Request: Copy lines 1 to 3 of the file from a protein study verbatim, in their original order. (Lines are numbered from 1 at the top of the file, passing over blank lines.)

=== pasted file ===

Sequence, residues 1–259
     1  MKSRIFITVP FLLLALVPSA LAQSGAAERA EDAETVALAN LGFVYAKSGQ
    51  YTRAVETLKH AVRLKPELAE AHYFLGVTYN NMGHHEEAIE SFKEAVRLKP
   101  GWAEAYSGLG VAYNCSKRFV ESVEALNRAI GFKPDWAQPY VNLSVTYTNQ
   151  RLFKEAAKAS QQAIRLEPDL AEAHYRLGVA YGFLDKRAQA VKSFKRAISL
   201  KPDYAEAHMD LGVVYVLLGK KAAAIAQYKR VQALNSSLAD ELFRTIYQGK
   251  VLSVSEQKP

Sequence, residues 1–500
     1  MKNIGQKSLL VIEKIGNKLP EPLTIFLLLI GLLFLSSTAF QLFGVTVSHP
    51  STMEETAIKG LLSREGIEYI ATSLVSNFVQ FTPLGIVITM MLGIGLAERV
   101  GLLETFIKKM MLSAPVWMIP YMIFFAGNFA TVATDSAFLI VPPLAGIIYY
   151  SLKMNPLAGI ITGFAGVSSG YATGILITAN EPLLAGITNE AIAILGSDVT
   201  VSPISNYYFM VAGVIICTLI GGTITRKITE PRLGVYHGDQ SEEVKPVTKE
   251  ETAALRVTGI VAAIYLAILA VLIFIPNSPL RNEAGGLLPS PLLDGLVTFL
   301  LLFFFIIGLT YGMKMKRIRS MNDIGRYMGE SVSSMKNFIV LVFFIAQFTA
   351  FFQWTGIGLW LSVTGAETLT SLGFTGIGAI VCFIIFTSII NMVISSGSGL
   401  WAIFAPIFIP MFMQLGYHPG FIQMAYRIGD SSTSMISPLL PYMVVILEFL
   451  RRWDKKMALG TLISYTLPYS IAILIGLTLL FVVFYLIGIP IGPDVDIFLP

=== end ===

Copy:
Sequence, residues 1–259
     1  MKSRIFITVP FLLLALVPSA LAQSGAAERA EDAETVALAN LGFVYAKSGQ
    51  YTRAVETLKH AVRLKPELAE AHYFLGVTYN NMGHHEEAIE SFKEAVRLKP